Early findings from a new urban pollution study suggest that commuters in Manchester inhale their biggest daily dose of harmful traffic fumes during the morning rush hour.
A team from the Centre for Atmospheric Studies at the University of Manchester took measurements in 2005 and 2006 along some of the citys busiest routes.
The work forms part of the wider CityFlux project, which has involved sophisticated air sampling in major cities in England and Europe over the last two years.
Analysis of all the data collected during the study is continuing, and the full results are not expected to be published until at least the end of 2007.
But initial results appear to show that harmful particles produced by vehicles stay trapped near to ground level during the morning rush hour.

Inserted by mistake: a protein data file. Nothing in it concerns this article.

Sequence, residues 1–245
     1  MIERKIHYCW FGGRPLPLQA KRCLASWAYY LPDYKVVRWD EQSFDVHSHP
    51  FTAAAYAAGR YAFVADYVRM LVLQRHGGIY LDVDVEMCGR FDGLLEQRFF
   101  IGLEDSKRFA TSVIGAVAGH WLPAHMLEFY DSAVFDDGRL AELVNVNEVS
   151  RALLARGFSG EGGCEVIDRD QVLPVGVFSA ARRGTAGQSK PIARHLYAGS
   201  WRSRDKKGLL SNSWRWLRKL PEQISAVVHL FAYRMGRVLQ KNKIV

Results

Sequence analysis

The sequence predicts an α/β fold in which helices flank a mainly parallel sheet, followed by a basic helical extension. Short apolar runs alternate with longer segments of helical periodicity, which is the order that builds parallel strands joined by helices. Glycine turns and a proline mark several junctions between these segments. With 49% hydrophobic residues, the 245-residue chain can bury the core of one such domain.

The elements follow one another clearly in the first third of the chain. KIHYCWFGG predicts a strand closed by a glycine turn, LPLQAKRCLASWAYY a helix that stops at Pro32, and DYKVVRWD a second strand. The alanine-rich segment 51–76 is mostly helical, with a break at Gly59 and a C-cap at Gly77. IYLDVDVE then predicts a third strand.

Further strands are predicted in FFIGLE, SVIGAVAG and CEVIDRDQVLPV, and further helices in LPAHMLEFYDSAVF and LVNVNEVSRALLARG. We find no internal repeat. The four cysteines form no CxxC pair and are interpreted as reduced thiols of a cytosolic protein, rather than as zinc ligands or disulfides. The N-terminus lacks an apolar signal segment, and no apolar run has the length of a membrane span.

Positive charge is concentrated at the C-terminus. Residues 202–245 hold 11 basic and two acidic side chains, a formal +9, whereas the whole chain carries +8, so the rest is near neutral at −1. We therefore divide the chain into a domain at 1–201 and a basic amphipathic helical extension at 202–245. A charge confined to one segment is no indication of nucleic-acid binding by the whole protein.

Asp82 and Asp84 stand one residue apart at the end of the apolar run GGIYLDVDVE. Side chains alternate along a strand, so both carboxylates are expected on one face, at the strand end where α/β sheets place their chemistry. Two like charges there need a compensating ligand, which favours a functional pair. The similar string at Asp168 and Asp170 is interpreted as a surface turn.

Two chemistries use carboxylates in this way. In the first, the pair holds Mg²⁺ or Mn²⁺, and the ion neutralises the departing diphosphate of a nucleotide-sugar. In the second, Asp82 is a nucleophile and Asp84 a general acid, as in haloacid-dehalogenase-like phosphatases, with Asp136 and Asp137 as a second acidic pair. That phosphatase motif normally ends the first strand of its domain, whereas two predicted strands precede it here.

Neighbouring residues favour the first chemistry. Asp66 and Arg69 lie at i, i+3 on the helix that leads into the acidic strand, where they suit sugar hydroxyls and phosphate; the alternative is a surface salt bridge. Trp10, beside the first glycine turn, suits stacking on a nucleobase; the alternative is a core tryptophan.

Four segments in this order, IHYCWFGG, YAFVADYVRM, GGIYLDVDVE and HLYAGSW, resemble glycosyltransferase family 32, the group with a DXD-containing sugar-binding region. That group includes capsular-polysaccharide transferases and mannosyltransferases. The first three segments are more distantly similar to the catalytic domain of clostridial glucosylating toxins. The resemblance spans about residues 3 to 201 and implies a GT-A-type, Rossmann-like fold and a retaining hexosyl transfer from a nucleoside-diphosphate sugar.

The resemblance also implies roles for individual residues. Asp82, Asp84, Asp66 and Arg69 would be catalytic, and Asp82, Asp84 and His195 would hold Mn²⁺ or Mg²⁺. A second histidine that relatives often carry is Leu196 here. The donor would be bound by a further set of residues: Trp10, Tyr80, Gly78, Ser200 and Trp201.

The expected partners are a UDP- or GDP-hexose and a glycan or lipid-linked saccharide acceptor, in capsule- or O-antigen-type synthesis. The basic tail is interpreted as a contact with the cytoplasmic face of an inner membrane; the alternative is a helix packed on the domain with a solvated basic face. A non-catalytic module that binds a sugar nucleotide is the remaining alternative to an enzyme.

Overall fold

Researchers have observed that in the middle of the day, warm bubbles of air rise up from the city streets. This warm air lifts particles from vehicle exhausts away from the built environment. But earlier in the morning the air is too cold to rise and the particles remain trapped at street level.
The research team hopes the mass of data they have collected during their study will give them a better picture of the type and level of harmful particles city dwellers are being exposed to.
They also hope to discover how and when particles are exported away from Manchester, what factors affect their distribution, and if chemical and physical reactions in the atmosphere affect the toxicity of the particles.
Lead researcher Dr Ian Longley from the School of Earth, Atmospheric and Environmental Sciences will present some initial findings during a lecture to the North West branch of the Royal Meteorological Society tonight (Tuesday 28 November 2006).
Emissions like carbon dioxide affect the climate globally but other emissions are harmful to human health, said Dr Longley. They include gases like nitrogen dioxide but also micro
Contact: Alex Waddington
University of Manchester